According to Pareschi, if the same tsunami struck today, Southern Italy would be covered with water within the first 15 minutes. An hour later the waves would reach Greece's western coasts. After an hour and a half, the city of Benghazi in Northern Africa would be hit. At the three and a half hour mark, the waves would have traversed the entire Mediterranean to reach the coasts of Israel, Lebanon and Syria.

"Should the Neolithic Etna tsunami have occurred today, the impact is tremendous because the Eastern Mediterranean coasts are very inhabited ones" - Maria Pareschi.

Avalanches and minor eruptions still occur on Mt. Etna today, but so far, nothing approaching the magnitude of the ancient event.

Source Xinhuanet

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Sicily’s Mount Etna released a thick plume of volcanic ash on November 24, 2006. The volcanic activity forced an overnight closure of the Fontanarossa Airport, the main airport in eastern Sicily.

etna241106
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Credit NASA

NASA’s Aqua satellite took this picture on November 24. In this image, a dark reddish-brown plume blows away from the volcano’s summit toward the southeast.

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Mount Etna is currently undergoing one of its most vigorous eruptions in years.
You can look to it with 3 live web cams:

etna1

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-- Edited by Blobrana at 03:33, 2006-11-16

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Experts swooped on Mount Etna on Thursday after the volcano sprang back into life .
The volcanologists examined a fresh lava flow on the south side of the volcano, coming out of a fissure that opened up at the weekend at a height of 2,000 metres .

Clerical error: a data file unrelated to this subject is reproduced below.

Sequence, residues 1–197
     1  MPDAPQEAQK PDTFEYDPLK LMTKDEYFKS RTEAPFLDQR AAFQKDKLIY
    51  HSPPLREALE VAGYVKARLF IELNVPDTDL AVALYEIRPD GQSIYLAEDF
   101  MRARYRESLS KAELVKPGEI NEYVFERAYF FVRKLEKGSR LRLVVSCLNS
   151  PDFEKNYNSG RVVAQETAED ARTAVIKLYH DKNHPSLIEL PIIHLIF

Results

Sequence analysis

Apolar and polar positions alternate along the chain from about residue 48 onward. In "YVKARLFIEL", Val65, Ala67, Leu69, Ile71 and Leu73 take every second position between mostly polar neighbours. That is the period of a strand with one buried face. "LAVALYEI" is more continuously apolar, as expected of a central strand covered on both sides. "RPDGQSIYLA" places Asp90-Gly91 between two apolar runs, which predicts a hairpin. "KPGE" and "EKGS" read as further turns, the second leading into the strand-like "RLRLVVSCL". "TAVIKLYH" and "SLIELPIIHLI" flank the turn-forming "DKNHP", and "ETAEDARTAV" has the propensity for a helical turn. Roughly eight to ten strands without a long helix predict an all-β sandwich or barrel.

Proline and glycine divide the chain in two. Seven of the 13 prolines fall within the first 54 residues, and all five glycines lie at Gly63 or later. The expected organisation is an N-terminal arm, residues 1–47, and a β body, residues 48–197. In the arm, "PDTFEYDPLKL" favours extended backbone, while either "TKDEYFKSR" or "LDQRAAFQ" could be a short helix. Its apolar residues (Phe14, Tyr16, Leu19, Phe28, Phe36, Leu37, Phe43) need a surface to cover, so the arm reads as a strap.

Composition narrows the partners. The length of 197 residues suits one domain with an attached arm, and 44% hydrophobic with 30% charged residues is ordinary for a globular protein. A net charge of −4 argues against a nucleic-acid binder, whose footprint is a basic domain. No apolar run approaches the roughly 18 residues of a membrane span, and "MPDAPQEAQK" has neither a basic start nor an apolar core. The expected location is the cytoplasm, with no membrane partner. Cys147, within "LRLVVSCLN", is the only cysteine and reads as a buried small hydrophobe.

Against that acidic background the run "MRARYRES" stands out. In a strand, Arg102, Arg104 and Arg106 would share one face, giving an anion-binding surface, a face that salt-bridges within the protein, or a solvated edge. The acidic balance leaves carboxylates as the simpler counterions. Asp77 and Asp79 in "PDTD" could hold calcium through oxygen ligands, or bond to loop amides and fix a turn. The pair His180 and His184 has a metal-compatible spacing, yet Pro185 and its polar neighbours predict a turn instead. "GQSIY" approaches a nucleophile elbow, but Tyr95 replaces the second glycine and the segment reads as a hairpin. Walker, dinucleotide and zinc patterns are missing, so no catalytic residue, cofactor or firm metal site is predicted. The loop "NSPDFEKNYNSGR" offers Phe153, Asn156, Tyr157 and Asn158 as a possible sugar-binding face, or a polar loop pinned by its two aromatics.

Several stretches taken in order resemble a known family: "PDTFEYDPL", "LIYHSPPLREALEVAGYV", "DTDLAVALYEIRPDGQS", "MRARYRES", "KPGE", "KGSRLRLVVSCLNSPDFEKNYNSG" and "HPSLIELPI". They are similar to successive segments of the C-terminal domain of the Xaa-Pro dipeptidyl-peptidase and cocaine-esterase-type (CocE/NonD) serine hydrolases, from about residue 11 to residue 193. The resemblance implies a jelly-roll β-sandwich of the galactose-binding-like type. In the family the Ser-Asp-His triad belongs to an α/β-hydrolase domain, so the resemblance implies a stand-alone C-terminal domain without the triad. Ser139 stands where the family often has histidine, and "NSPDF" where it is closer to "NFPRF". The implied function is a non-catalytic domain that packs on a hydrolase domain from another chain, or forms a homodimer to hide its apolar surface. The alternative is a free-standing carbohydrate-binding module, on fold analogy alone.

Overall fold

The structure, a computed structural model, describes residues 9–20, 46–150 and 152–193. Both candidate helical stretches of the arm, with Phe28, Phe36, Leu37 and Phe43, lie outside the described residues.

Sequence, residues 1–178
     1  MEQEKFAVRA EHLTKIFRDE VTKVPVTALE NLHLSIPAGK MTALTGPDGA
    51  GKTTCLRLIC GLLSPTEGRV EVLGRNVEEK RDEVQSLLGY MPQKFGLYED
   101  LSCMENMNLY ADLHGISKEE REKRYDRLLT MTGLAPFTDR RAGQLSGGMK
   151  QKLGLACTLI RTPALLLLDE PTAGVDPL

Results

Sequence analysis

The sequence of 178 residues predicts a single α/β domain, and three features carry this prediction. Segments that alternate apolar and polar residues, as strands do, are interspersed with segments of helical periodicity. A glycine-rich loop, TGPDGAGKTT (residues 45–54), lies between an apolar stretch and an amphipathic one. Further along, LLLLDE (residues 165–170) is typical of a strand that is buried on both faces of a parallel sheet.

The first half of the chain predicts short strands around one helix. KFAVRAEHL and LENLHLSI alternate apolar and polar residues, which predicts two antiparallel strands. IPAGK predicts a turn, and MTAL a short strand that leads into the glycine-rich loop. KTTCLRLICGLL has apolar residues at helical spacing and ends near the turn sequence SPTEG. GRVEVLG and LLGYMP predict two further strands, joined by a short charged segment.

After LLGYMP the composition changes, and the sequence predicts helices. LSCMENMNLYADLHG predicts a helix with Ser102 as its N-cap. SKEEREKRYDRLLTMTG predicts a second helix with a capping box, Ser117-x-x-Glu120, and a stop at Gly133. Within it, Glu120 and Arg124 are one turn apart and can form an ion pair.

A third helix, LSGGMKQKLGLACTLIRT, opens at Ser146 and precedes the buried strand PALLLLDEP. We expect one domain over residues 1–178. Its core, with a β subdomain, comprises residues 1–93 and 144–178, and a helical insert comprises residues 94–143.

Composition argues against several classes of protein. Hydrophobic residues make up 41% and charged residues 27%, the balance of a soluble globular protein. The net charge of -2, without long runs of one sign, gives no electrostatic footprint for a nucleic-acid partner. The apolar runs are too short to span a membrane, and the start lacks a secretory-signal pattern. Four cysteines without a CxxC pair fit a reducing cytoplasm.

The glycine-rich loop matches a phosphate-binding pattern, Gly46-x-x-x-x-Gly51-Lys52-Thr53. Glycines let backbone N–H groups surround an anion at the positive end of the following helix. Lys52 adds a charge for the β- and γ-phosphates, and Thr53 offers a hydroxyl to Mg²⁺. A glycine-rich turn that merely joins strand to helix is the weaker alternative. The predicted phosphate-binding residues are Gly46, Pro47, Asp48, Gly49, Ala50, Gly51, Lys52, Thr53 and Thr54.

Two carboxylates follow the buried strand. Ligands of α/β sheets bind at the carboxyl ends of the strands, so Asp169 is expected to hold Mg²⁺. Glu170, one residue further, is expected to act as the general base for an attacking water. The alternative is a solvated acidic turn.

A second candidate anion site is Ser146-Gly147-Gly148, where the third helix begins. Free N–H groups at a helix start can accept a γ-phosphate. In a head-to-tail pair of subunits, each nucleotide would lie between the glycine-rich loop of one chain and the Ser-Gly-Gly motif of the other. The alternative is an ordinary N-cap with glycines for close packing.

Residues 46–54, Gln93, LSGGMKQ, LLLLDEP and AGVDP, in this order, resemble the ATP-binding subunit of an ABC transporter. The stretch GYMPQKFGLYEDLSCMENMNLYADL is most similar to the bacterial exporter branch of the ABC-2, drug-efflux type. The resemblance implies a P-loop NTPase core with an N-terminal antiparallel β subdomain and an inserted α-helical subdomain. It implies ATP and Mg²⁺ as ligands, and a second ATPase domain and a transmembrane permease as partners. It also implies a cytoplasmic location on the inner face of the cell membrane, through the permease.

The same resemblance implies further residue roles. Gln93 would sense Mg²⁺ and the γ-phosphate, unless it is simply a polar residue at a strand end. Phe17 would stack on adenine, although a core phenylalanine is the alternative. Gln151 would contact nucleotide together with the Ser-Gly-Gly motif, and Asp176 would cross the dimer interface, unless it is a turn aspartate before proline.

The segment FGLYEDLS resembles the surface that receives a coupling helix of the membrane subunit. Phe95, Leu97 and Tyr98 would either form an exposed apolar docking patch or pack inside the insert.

Lava is now flowing from three craters on the mountain accompanied by blasts, black smoke and ash .
The new craters, however, are far from any inhabited areas.

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Volcanic music
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The low-frequency, seismic rumblings of volcanoes are being transformed into delicate musical scores in an effort to predict when they will erupt.

Researchers in Italy have already created a concerto from the underground movements of Mount Etna on Sicily.
They are now creating melodies from Ecuador's recently erupted Tungurahua.
By correlating the music with precise stages of volcanic activity on both volcanoes the team hope to learn the signature tune of an imminent eruption.

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RE: Mount Etna
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This image of Sicily’s Mount Etna was taken by the International space station crew was taken on August 2, 2006, with a Kodak 760C digital camera and 800 mm lens.

etna020806
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Credit NASA

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On July 21, 2006, the Terra satellite captured this image as Sicily’s Mount Etna Volcano emitting a faint plume of volcanic ash that blew away from the summit, toward the southwest.
etna210706
Credit NASA

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"The explosions are coming from two holes near to the top of the volcano, creating a lava field more than a mile long which is flowing at a rate faster than 90 cubic feet a minute. Even though the eruption has continued for three days, scientists said it had lost little of its force."

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Mount Etna spews lava on the southern Italian island of Sicily on July 16, 2006.